Ultimate Frisbee: America's Newest Professional Sport?
It’s been discussed on news programs, on ESPN, and even on Jimmy Fallon—if you’ve still not heard about it, you’re probably not paying attention.
The newest professional sport in the USA is one loaded with drug use stigma... but not because of juicing. It’s a sport that has trouble getting a TV contract in place despite being more popular, and played more often among Americans, than any sport other besides baseball, basketball, football or soccer—but it’s not ice hockey.
And it’s a sport that’s born and bred in America and has generations of heritage in this country, but it’s not lacrosse.
Any idea what it is?
It’s Ultimate Frisbee.
One of the more interesting aspects of the history of ultimate Frisbee is the sheer breadth of misconceptions that shroud its past. The sport is half a century old, though most people wouldn’t know it. The game comes not from the sun-drenched shores of California, but from the cold northeast, having been dreamed up in a parking lot in New Jersey. Ask a bystander at random, and they’d likely guess that it was made up by stoned, slacker college kids, but that’s wrong, too: it was invented by nerdy, bookish high school kids whose studies precluded varsity sports. And though some might scoff that it bears no connection to mainstream popular sport, they’d be mistaken: the first intercollegiate ultimate game was held between Rutgers and Princeton, one hundred years to the day after the inaugural intercollegiate football match – and between the same teams.
And what’s more, just like football, America now boasts the only pro league in the sport.
Called the AUDL—American Ultimate Disc League; “Frisbee” is a patented trademark of Wham-O—this new professional league boasts eight teams scattered across the northeast, with plans to expand its reach to the south by 2013 and the west coast the year after that.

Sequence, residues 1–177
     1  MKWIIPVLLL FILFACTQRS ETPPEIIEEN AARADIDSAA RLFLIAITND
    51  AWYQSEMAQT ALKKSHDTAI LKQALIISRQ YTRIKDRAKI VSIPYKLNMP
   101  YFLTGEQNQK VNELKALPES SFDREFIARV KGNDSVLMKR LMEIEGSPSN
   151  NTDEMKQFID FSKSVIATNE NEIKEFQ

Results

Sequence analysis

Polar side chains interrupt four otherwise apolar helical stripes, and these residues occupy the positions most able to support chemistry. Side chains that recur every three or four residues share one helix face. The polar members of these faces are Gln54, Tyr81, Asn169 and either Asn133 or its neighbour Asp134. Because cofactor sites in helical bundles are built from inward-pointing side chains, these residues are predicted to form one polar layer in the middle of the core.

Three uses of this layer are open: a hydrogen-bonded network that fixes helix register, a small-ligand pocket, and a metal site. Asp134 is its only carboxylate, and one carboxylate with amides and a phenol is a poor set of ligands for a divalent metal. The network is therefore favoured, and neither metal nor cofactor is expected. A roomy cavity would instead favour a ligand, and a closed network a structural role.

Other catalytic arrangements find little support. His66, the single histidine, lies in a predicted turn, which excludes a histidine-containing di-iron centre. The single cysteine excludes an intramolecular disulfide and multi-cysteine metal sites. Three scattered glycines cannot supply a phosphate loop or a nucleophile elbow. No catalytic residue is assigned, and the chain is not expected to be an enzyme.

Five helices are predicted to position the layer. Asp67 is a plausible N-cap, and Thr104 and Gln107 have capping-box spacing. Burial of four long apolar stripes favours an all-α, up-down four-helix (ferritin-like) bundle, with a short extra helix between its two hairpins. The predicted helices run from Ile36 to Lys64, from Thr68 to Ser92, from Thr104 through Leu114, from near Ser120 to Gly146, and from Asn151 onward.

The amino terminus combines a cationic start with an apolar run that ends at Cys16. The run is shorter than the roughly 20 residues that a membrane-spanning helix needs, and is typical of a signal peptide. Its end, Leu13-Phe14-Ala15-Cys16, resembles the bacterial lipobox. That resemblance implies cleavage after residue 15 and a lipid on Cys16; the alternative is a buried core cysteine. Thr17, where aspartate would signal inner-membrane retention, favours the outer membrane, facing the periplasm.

And while the notion might conjure up images of a field full of dogs and barefoot hippies as immortalized in Jeremy Piven’s PCU, that couldn’t be further from reality.
The Philadelphia team plays its games in 75,000+ seat Franklin Field. The Detroit squad calls the Pontiac Silverdome its home. This is a real pro league, with sponsors, uniforms, webcast games and paying fans—who are shelling out their hard-earned money to watch ultimate.
The one true facet of people’s conceptions of ultimate is the one that links the sport to college.
Most players do pick up the sport there—generally, it’s star high school athletes in track, cross country, football, and soccer who, either reluctant or unable to meet the all-consuming demands of playing a varsity sport full-time in college, switch to intramural or intercollegiate ultimate Frisbee as a substitute.
But don’t be fooled into thinking these guys are scrubs—they’re the real deal. Teams held NFL-style combines this winter to test 40-yd dash speed, standing maximum jump height, shuttle run ability and similar components of tryouts’ athletic skill sets before settling on rosters.
And what ability some of these players have. At its top level, the game demands maximum physical effort, including what is known in the game as the “layout”—the full-horizontal extension of the body in an attempt to catch or deflect the disc, with no regard for the ground impact to come.
Think about a cornerback full-out diving to stop a pass... see the athleticism and how he totally sells out his body to knock down the ball... and then, strip him of all his pads and his helmet before he hits the turf at full force.
That’s a layout, and it’s expected of these players every day.
Ultimate is played on a field roughly the same size as a football field (the end zones are slightly bigger). Players, seven to a side, advance the Frisbee between teammates through constant passing—think basketball, but without the dribble—while defenders attempt to deflect or intercept those passes.
Throwing a completed pass to a teammate in the end zone is a score. Throwing an incomplete, out of bounds, deflected or intercepted pass causes an instant turnover. There are no downs in this sport; instead, think of the fast movement and possession changes of hockey.
Ultimate is nominally a non-contact sport, but then again, so is basketball. Fouls happen, and committing a foul results in a yardage penalty for the other team. As with most sports, multiple or egregious fouls can lead to ejection.
The raw talent and fast pace apparent in this pro videos should be enough to get past any biases held by even the most obtuse skeptic.
But as great as the game is to watch on highlight reels, it's even better live.
Game schedules and links for streaming can be found at TheAUDL.com. If you’re near Philly, Buffalo, Hartford, Providence, Detroit, Indianapolis, Columbus or Louisville, you might just want to pony up the cash on an spring or summer weekend to check out the games for yourself from a seat right near the action.
And yes, gents... this sport does boast cheerleaders.
Now there's really no excuse.